Reginald Malpas Gore

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R M Gore c.1930

The military service of Lt-Col Reginald Malpas Gore (1895-1969)

The information for this biography and the associated photographs have been contributed by a FIBIS member who is the son of the subject. It describes the military career of a distinguished soldier in the Indian Army and his earlier service in the First World War. The internal and external links are by Fibiwiki editors.

Early Life and World War I
Reggie was the youngest of three surviving sons of a Kentish farming family. The story of this family is described in "On Kentish Chalk - A Farming Family of the North Downs" by David Gore 2006. His grandfather had emigrated to the Australian goldfields in the 1850s where he made his fortune. This allowed Reggie’s father to go off and train as a doctor back in England where Reggie and his brothers were born and educated. Reggie, aged 19, was visiting his relations in Queensland in 1914 when ‘the Great War’ broke out and he enlisted there in the 9th Infantry, Australian Imperial Force. A month later he heard that his eldest brother Sydney had been killed in France, and six months later he was himself fighting against the Turks at ANZAC Cove, Gallipoli. He was commissioned the following year and transferred to 49th Infantry AIF with whom he was in the trenches on the Western Front in France both in 1916 and 1917.

On the conclusion of the war, Reggie transferred to the Indian Army in which his other brother had been serving. He joined the 1st Battalion, 88th Carnatic Infantry with which he went to Iraq during the British Mesopotamian mandate 1920-22 where his battalion was brought in to quell a combined Shia and Sunni inspired insurrection (shades of Iraq in 2003). There followed a period on operations in Waziristan with 2nd Battalion, 90th Punjabis, after which in 1922 he became adjutant when the 90th was renamed 2nd Battalion, 8th Punjab Regiment and moved to Bannu.

In 1931 Reggie was seconded to the Burma Military Police in Rangoon where he helped in the quelling of the rebellions at Tharrawaddy and Prome. He was then sent north to the Shan States based at Loimwe where he had to deal with banditry, mostly from across the Chinese border. He was awarded the King’s Police Medal for three operations which he led against armed bandits in 1934. Read the citation.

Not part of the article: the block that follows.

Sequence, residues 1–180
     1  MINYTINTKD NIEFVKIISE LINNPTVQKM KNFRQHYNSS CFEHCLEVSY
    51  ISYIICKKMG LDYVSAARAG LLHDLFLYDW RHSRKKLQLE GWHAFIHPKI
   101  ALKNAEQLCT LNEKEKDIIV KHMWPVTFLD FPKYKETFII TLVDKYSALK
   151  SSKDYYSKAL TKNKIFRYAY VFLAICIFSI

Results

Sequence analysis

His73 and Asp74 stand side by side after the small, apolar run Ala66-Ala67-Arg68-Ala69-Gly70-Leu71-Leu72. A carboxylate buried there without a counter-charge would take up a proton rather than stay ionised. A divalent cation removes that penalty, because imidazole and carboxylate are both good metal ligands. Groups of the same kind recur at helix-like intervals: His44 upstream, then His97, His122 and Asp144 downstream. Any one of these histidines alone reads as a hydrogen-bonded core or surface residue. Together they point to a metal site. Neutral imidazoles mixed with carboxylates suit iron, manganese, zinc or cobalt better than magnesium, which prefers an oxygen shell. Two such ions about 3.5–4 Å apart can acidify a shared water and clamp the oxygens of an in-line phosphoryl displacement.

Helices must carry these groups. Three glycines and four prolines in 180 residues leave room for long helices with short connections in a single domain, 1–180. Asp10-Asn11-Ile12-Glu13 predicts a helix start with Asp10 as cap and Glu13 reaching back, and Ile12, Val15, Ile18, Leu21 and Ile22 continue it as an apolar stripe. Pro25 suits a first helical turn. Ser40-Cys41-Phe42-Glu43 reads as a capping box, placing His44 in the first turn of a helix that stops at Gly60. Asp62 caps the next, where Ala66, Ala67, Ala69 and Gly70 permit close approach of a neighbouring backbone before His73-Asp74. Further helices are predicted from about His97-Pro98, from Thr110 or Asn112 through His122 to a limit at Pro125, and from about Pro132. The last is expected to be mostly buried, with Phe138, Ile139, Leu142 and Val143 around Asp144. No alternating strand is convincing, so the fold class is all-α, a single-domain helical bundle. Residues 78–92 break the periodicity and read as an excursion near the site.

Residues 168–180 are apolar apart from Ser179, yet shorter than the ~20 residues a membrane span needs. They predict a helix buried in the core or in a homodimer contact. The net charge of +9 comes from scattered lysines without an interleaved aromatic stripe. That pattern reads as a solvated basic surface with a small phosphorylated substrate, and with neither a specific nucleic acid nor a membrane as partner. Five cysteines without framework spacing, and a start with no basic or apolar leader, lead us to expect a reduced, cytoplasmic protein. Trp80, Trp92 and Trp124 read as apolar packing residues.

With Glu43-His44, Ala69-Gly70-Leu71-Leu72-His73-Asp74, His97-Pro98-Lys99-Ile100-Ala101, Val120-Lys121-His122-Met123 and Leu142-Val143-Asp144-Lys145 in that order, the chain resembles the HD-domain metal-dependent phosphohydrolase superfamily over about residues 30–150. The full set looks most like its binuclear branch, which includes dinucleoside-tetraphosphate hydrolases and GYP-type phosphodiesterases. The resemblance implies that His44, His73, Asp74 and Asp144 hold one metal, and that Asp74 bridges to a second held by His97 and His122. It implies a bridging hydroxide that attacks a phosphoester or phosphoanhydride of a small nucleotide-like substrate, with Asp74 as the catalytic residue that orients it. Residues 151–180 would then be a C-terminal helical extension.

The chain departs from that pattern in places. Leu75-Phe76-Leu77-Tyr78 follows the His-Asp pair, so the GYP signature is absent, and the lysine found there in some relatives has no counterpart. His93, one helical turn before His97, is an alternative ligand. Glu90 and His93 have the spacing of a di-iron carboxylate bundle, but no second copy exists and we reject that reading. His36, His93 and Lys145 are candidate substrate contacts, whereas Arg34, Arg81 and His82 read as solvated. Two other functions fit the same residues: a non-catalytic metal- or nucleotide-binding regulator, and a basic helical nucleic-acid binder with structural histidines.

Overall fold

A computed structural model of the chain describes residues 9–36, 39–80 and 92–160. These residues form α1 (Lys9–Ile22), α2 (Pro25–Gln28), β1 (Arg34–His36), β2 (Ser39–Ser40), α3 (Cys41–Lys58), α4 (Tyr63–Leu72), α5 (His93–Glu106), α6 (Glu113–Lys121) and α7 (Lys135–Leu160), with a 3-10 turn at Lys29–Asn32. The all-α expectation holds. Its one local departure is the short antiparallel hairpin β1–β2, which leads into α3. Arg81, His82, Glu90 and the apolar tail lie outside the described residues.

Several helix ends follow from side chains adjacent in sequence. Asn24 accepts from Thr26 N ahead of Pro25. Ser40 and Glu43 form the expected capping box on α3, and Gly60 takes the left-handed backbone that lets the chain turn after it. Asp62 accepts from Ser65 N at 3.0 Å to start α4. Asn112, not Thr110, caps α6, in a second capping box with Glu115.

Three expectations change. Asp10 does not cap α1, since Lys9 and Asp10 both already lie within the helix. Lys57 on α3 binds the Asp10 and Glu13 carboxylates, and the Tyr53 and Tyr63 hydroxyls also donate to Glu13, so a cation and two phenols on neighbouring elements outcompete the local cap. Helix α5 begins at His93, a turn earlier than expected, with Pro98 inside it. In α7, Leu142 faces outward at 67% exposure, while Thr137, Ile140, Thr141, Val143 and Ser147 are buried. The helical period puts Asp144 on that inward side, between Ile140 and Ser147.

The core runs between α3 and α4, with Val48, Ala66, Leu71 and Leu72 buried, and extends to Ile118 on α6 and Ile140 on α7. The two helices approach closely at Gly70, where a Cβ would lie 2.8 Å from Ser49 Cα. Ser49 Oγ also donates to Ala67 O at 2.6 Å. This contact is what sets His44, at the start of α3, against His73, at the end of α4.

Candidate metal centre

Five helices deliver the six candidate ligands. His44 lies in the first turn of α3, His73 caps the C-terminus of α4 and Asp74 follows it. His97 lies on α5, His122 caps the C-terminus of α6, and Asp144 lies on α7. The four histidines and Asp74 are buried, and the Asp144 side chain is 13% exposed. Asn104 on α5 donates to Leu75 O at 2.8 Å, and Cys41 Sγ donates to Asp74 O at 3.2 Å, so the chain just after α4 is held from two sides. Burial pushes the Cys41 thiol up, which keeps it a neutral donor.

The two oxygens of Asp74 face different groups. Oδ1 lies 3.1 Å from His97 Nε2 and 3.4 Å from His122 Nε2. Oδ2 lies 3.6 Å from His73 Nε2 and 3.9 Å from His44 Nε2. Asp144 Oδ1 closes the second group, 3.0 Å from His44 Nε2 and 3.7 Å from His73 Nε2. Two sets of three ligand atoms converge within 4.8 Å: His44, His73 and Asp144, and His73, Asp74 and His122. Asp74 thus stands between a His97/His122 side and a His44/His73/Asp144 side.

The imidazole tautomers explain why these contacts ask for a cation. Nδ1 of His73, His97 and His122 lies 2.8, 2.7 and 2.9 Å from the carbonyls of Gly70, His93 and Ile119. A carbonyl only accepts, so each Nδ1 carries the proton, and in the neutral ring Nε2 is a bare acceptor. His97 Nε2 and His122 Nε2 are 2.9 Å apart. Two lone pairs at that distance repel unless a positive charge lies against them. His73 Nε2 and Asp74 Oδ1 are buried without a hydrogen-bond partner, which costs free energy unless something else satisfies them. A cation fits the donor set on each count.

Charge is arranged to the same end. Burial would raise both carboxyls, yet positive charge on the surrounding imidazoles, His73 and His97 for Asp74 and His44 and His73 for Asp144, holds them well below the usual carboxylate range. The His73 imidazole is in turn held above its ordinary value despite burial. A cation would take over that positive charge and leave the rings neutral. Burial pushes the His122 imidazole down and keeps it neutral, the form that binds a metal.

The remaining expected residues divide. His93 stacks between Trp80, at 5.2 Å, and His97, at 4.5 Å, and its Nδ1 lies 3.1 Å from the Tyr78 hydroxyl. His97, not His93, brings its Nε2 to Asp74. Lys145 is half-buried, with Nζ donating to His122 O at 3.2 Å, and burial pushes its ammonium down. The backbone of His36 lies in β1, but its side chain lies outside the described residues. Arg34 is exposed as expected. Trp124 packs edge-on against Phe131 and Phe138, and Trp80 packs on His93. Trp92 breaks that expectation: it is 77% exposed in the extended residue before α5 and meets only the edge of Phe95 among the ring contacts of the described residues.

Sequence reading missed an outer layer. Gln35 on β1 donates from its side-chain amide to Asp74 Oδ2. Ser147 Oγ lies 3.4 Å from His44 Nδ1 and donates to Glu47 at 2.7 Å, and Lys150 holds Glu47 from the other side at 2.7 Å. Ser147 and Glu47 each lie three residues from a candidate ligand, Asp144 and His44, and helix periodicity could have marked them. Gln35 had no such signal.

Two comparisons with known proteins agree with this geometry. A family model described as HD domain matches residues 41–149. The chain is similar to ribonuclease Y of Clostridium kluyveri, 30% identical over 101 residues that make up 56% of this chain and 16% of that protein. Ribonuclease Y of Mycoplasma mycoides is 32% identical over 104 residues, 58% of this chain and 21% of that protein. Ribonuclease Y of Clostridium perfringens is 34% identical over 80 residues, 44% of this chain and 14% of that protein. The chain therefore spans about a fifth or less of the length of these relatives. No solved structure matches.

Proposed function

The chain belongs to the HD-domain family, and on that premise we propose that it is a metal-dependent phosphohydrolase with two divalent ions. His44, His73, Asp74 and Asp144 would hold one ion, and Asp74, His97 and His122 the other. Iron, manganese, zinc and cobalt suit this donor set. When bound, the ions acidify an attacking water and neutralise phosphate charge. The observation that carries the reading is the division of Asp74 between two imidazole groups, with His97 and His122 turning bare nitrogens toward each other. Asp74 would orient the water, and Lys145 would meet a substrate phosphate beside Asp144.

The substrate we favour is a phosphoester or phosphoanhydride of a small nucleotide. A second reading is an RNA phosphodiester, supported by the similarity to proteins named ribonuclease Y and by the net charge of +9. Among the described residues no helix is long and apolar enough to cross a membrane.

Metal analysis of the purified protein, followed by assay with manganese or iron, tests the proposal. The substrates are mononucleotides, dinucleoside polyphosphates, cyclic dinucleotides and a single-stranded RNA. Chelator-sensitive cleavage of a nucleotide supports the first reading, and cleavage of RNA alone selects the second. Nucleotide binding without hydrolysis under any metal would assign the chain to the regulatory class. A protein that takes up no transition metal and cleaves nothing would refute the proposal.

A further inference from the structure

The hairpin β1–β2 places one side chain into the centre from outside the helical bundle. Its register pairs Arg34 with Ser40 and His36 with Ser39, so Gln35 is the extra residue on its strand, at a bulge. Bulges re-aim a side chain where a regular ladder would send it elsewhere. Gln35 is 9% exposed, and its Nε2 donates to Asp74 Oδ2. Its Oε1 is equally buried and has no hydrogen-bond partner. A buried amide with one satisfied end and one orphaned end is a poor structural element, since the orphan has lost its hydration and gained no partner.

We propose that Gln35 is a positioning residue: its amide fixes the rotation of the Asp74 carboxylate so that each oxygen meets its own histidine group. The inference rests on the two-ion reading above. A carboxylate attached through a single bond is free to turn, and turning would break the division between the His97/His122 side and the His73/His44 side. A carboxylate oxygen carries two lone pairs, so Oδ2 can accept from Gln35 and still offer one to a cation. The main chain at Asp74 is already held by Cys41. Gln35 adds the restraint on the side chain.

Operations in Waziristan
Major Gore rejoined his battalion (2/8th) as a company commander in time for its operations in Waziristan 1936-37. The most detailed account of this campaign is to be found in Official history of operations on the N.W. frontier of India, 1936-37 ISBN 1 84342 765 6. The photographs below were taken by him on campaign. Click on an image to enlarge it.


Officers on Campaign
"Taken at Biche Kashkai during the present ops. Nothing but what we stood up in - not even a cake of soap!
15 days out like this, fighting every day and often during the night."

L to R: Henry Stead, Tom Edwards, Jonah, Reggie Gore, John Woodhouse



World War II After an attachment to the 10/8th, Gore was promoted Lt Col on the outbreak of World War II. He took part with 14th Indian Division in the first counter offensive into Burma southward from Cox’s Bazaar along the Mayu peninsula in the Arakan. It was an ill-fated operation mounted in December 1942 against well-prepared Japanese positions on the most difficult terrain. The Arakan has steep jungle-covered hills rising to 1500 feet, two major rivers, an almost impassable mountain barrier on the eastern side, an unhealthy climate and monsoon rains which make manoeuvring impossible for six months of the year. It was in February after two months fighting, severe losses and failure to break through at Donbaik that Reggie himself was evacuated suffering from amoebic hepatitis.

He was passed fit again in August 1943 when he became CO of the 16th Battalion taking part in the final phase of the Burma campaign as part of the 109th Indian Infantry brigade. By June 1945 the battalion was back at Chhindwara in India and Reggie was posted to the 8th Punjab regimental centre to prepare for the Indian and Pakistani military partition of 1947, after which he retired. The 8th Punjab Regiment was transferred into the Pakistan army where it is now part of its Baloch Regiment.




Colonel Gore's medals

Col Gore's medals

(1) King's Police Medal for Gallantry
(2) 1914-15 Star
(3) British War Medal 1914-18
(4) Allied Victory Medal
(5) General Service Medal (1918)

Clasp: Iraq

(6) India General Service Medal (1909)

  • Clasp: Waziristan 1921-24
  • Clasp: North West Frontier 1930–31
  • Clasp: Burma 1930–32

(7) India General Service Medal (1936)

  • Clasp: NW Frontier 1936-37

(8) 1939-45 Star
(9) Burma Star
(10) War Medal 1939-45

(11) India Service Medal 1939-45